Observation courtesy of Souleymane Konaté, Université Nangui Abrogoua
by Stephen C. Smith -- Malabo, Equatorial Guinea -- March 17, 2012
A group hanging in a tall tree.
Seen in Entebbe Botanical Gardens Uganda
we only heard them in the late evening and he came back in the morning around 3 am for more love songs, only saw the eye shine
typical "mating call" several times during the early night of 9-10 November 2011
Hypsignathus feeding on large figs (Ficus) at night, one of two main foods during breeding season. Figs are spotty and ephemeral foods for these bats. Their regular staple that is traplines are several species of Anthocleista. Photo taken at fig across river from lek in August 1972.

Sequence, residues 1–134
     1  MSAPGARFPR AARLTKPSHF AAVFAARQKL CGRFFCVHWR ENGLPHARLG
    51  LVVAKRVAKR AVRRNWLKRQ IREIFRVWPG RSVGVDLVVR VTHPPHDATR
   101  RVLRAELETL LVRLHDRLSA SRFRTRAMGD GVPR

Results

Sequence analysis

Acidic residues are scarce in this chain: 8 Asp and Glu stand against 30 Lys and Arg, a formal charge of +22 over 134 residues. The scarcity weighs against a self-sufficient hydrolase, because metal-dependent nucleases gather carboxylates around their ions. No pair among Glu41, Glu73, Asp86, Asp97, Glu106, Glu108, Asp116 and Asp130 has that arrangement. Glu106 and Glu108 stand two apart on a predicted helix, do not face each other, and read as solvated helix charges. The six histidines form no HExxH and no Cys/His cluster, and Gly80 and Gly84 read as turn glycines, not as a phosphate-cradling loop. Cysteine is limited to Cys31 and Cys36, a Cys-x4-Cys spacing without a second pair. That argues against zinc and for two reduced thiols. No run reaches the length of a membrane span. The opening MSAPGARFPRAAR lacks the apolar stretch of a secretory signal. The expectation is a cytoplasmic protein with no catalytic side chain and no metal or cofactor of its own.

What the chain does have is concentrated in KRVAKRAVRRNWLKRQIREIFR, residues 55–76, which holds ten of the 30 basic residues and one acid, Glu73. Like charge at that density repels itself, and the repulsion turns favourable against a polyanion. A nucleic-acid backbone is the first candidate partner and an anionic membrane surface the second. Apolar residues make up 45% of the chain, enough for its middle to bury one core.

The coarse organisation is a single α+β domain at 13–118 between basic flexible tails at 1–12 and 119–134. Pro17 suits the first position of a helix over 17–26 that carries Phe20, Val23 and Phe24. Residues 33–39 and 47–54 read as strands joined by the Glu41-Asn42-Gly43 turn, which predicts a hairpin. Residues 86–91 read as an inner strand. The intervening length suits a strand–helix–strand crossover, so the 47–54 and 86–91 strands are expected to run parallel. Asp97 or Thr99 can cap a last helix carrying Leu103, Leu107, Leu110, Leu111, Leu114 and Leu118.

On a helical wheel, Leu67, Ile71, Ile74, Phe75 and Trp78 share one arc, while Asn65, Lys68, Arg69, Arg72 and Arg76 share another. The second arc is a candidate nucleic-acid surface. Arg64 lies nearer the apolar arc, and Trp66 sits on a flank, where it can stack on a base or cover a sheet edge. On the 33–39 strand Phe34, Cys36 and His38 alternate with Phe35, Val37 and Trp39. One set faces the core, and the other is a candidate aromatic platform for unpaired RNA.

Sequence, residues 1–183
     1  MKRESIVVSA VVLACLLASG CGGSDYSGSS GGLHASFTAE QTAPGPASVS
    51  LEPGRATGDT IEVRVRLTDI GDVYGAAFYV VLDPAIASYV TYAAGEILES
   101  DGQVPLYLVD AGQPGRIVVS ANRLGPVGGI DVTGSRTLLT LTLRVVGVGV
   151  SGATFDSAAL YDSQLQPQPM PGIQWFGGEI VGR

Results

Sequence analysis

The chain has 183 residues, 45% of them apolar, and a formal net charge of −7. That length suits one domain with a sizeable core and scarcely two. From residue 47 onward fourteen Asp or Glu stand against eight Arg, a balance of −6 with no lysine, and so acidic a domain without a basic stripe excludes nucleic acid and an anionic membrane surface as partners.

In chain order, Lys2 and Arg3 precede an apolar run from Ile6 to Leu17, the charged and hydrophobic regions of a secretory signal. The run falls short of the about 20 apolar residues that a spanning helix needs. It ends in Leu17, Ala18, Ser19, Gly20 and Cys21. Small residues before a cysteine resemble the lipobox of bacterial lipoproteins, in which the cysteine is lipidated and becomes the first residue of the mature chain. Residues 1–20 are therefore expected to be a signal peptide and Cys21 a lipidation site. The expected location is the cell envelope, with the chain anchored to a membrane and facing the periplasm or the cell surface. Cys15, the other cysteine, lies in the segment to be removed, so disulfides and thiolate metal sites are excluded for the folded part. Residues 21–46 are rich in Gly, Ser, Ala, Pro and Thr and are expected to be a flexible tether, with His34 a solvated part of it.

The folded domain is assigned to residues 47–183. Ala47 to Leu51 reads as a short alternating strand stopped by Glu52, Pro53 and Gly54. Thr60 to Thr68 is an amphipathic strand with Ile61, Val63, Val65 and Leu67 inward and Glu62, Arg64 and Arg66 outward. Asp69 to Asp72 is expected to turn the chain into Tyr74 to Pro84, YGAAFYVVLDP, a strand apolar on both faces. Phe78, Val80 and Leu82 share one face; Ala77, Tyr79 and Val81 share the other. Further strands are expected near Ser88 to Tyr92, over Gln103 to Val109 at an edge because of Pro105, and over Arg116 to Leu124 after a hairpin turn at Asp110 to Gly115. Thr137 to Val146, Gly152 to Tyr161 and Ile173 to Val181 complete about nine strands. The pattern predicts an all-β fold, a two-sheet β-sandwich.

Male hanging from his display perch on lek, flapping wings, and calling during peak mating season July 1971. Male is performing "staccato buzz", a rapid modulation of honking call performed to females when they hover near the male. Female can barely be seen on right of photo hovering to this male. Females visit multiple males (indicated by sequence of staccato buzzes along lek) and then select one for mating. Female ends copulation with loud squeals so matings are easily counted.
Adult female carrying newborn offspring, netted with canopy net while visiting lek at peak of season in July 1971. Likely evidence for post-partum oestrus in this species.
The Hammer-headed Bat (Hypsignathus monstrosus), also known as the Big-lipped Bat, is a megabat widely distributed in equatorial Africa. This large bat is found in riverine forests, mangroves, swamps, and palm forests at elevations less than 1800 meters.